Freedom and Emptiness: Investigating the Experience of Meaning-Making among Non-Religious Students

Alex Popper, Fem van Hout


This paper investigates the experience of university students who identify as non-religious. Drawing on the philosophical frameworks of Nietzsche’s notion of nihilism and Sartre’s ideas on Atheist Existentialism, the research explores how non-religious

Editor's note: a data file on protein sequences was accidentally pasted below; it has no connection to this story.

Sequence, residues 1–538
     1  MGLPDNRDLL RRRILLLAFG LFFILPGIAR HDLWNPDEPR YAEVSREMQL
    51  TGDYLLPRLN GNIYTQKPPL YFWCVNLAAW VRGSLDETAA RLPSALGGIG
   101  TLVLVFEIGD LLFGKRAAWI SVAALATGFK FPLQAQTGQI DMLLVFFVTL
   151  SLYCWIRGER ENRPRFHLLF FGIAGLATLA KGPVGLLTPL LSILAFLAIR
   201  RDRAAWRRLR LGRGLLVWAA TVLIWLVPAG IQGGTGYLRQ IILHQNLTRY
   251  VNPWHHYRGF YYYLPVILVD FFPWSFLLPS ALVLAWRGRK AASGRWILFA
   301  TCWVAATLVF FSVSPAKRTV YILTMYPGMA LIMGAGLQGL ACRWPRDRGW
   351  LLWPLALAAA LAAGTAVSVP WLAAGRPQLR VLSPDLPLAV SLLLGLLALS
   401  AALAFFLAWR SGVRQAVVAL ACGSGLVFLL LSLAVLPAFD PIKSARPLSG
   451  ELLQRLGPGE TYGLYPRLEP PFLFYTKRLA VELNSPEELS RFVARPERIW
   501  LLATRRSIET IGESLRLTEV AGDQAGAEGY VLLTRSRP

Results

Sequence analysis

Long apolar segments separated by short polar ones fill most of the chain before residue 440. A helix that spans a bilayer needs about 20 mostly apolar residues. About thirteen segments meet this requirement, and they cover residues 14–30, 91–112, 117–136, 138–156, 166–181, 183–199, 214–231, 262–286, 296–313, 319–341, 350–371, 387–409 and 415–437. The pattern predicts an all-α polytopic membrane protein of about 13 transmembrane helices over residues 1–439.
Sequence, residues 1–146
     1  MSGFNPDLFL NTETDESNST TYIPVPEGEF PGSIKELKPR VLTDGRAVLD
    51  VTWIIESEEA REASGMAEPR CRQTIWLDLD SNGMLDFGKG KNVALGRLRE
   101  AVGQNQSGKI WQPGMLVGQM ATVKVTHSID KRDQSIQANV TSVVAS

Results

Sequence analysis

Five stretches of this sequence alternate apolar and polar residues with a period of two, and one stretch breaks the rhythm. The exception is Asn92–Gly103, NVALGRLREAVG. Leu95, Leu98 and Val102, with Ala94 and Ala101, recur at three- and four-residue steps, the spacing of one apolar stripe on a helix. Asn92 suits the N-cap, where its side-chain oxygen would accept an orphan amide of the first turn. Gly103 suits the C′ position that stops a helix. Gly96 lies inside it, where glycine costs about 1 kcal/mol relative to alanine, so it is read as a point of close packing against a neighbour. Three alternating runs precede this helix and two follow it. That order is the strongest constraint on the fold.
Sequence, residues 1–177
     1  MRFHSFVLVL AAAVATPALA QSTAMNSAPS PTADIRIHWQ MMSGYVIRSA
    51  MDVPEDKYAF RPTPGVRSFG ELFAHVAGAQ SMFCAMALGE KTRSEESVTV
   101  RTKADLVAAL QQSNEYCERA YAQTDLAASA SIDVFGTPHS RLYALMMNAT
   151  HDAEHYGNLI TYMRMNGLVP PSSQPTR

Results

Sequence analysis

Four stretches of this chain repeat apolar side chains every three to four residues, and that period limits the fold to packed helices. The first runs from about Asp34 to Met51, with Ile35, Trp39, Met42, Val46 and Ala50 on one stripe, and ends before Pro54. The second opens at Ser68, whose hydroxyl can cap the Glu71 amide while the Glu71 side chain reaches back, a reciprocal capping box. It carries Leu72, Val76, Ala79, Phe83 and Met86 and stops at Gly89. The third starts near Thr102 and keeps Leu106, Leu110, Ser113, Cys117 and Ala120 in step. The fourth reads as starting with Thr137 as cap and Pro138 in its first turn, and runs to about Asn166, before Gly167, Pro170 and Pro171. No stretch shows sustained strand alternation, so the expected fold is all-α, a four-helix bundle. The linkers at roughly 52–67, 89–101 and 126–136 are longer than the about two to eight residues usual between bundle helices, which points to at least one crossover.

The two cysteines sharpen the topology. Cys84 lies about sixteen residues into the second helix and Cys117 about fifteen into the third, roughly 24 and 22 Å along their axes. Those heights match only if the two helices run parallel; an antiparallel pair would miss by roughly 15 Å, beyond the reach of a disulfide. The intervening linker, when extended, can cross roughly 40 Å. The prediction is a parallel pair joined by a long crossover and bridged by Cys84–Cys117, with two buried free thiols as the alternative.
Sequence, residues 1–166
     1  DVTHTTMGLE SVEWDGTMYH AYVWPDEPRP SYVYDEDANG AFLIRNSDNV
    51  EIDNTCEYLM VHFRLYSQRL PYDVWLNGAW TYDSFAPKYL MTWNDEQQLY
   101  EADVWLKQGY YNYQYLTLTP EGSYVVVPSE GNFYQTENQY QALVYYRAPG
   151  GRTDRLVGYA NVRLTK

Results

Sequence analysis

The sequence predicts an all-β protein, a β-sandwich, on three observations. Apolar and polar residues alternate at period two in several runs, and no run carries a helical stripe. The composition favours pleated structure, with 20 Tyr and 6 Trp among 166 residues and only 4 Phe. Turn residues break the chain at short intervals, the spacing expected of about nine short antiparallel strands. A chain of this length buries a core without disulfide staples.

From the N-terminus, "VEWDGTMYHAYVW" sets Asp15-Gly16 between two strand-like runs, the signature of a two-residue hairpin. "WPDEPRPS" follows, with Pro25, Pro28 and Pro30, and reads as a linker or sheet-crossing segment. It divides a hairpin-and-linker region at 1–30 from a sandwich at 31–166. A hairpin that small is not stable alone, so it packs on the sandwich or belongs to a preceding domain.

students experience and give meaning to their non-religiosity. Ten in-depth interviews were conducted with students aged 18-25. According to the interviewees, being non-religious means that a God or a predetermined purpose in life does not exist. From this perspective, inner tensions arise, each encompassing feelings of freedom and empowerment as well as feelings of emptiness and heaviness. The article explores three main themes from the interview material, which relate to Sartre’s notions of freedom and abandonment. The first focuses on the tension between freedom and emptiness: in the absence of a god, individuals can create the life that they themselves will, which allows them a great sense of empowerment and responsibility. However, for many, this also results in feelings of emptiness and despair. The second theme discusses the participants’ value of their own sense of critical awareness in contrast to a certain longing for the blissful ignorance that religion, in their eyes, provides. Finally, the tension between participant’s concept of ‘nothing out there’ and the existence of ‘something’ is explored.

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